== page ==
Plans for homeless hostel scotched

December 20, 2003.

December 20, 2003.

Concern over high operational costs has led to the abandonment of the controversial plan to locate a hostel for homeless people at Lea Road, Portarlington.

County manager Martin Riordan announced his decision at the council’s December meeting last Monday.

Mr Riordan said that the location at Lea Road was suitable, but that the running costs of €800,000 per annum for the facility was not a value for money proposal.

“This in no way reflects on the voluntary housing agency Respond. It was always the intention of the council to provide an 11-bed facility at this location,” he said.

Plans to establish a homeless hostel in the former 11-bed nursing home at Lea Road emerged at a council Emo electoral area meeting early last June. The plan met with considerable opposition locally, which formed around a group called Concerned Residents of Portarlington, Monasterevin and surrounding areas (CROPMAS).

In his report the manager noted that the costs for the first year were estimated to be in excess of €800,000, for both operational and care support, which would be met by both the Midland Health Board and the council on a 50/50 basis.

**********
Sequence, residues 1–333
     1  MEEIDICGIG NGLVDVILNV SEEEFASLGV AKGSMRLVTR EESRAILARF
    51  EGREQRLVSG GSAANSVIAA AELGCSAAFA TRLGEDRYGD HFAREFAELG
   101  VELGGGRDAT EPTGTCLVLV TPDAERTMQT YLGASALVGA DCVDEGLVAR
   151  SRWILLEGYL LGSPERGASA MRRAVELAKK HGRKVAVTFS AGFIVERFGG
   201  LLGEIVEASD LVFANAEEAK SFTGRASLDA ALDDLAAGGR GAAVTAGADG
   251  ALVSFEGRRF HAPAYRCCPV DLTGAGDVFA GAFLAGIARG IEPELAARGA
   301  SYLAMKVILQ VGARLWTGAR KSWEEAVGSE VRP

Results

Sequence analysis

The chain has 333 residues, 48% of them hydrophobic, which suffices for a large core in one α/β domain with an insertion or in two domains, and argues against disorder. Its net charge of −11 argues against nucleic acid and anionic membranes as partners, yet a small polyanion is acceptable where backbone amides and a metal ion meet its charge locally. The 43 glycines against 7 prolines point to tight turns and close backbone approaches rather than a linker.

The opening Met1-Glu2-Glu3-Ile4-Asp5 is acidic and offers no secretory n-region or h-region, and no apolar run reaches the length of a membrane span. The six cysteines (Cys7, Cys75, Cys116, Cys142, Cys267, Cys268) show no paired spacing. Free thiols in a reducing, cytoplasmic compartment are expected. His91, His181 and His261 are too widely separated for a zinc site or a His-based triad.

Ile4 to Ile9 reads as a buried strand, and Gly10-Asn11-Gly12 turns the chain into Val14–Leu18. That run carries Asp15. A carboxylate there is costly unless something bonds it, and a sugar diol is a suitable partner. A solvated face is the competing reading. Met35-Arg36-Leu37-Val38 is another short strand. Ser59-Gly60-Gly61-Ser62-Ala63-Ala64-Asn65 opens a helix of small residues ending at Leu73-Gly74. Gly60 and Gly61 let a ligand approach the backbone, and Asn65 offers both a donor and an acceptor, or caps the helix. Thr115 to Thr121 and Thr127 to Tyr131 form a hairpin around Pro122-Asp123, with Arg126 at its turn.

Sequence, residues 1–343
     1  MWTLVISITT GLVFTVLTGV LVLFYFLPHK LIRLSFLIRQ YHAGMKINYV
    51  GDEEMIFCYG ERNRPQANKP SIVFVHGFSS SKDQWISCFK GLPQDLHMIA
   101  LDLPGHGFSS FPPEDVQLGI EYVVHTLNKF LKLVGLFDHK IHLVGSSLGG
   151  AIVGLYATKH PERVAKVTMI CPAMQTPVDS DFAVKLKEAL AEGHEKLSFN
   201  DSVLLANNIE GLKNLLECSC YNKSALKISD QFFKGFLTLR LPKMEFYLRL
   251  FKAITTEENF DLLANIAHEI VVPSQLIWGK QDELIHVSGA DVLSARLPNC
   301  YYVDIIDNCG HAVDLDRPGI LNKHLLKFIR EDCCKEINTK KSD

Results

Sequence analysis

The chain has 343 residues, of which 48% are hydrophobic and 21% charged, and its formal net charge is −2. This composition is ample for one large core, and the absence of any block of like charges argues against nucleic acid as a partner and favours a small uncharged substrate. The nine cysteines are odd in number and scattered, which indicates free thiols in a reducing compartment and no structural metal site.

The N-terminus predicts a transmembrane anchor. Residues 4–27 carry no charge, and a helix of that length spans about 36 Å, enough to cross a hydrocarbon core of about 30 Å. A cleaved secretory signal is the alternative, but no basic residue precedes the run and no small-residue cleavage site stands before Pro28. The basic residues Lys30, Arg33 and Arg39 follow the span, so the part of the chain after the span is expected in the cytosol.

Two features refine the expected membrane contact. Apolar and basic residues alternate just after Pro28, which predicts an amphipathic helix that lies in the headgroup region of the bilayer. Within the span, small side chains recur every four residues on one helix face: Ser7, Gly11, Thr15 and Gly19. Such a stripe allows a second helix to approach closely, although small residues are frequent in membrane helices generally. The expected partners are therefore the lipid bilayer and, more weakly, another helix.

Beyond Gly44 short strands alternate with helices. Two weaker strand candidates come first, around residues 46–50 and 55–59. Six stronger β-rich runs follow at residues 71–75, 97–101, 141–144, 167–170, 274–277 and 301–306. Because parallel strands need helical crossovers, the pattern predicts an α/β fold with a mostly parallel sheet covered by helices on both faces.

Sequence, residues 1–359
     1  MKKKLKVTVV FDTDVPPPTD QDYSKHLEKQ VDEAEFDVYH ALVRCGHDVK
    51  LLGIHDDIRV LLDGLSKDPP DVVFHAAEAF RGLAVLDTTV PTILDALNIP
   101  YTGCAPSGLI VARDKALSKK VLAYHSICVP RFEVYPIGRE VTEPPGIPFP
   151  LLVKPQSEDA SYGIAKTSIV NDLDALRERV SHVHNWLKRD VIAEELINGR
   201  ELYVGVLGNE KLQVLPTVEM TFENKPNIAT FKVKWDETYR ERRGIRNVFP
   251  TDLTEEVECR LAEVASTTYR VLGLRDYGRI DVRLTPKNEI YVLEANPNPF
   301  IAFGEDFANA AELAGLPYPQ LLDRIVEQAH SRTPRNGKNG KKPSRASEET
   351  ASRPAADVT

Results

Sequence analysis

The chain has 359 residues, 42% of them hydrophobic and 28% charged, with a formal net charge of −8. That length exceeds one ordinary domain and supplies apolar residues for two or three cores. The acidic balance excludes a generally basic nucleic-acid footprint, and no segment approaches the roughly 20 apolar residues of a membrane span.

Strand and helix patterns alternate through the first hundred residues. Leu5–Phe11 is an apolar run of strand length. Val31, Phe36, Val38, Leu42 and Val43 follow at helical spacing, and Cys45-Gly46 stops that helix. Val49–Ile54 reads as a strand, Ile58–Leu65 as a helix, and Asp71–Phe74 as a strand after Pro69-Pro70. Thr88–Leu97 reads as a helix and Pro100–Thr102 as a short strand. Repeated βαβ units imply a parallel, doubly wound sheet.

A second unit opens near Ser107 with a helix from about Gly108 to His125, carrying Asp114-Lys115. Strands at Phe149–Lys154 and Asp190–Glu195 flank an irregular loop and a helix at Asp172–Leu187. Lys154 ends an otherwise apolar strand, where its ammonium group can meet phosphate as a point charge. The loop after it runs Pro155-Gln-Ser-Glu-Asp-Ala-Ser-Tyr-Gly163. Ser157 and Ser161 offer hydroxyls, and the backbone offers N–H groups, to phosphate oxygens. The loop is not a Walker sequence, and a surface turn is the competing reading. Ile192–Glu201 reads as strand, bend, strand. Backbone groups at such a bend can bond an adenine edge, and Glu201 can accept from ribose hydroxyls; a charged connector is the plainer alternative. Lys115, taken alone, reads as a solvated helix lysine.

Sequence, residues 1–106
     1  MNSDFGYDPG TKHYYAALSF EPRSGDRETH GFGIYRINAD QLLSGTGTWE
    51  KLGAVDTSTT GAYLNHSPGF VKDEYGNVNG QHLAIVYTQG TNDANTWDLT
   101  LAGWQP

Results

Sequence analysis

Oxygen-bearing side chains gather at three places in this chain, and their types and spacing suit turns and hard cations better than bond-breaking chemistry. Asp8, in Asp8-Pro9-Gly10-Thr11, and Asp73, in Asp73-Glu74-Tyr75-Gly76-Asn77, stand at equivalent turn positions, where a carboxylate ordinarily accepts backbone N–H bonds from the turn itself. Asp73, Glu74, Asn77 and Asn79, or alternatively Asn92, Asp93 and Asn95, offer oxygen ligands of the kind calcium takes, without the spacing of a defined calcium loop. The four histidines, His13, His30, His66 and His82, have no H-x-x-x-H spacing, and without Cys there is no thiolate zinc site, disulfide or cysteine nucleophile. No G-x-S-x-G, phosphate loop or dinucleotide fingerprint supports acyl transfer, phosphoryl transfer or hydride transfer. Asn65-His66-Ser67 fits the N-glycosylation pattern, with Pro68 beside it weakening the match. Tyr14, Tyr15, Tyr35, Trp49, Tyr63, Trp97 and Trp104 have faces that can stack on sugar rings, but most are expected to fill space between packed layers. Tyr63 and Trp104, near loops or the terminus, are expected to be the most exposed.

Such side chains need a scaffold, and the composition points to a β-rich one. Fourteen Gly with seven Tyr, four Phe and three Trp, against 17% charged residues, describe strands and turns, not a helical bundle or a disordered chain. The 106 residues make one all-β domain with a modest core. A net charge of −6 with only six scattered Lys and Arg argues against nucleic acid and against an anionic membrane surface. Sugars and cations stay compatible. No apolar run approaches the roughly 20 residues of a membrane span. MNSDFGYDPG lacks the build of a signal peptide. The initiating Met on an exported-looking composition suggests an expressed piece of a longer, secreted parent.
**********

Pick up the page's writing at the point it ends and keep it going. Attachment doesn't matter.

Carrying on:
“These costs are extremely high and are a central factor in considering the merits of the proposal,” he said.

He noted that the costs of running the Monastery Hostel, Carlow, provided by St Vincent de Paul and funded through Carlow County Council and FAS, was approximately €242,000 per annum for a 17-bed unit.

The Good Shepherd Hostel in Kilkenny, a 45-bed unit, funded by Kilkenny County Council, the South Eastern Health Board and voluntary contributions, was €575,000 per annum.

“Laois County Council will continue to source other appropriate properties in order to fulfil their statutory obligations in relation to the homeless. I will be working towards bringing a more cost effective proposal before you, for your consideration, in the short term,” he stated.

“With this announcement Christmas has come early for the people of Lea Road,” stated Cllr James Deegan. “I want to compliment the manager for taking this decision and pay tribute to the people of the Lea Road who recognised the need of the homeless in this debate, and engaged in a dignified protest within the law.

“The facility was in the wrong location with no back-up services. Our task now is to source a suitable residence near back-up facilities. I would ask that a select committee be put in place, in the interest of transparency, to vet any future investment by the council for housing for the homeless,” he said.

The manager’s decision was roundly welcomed by councillors from all parties.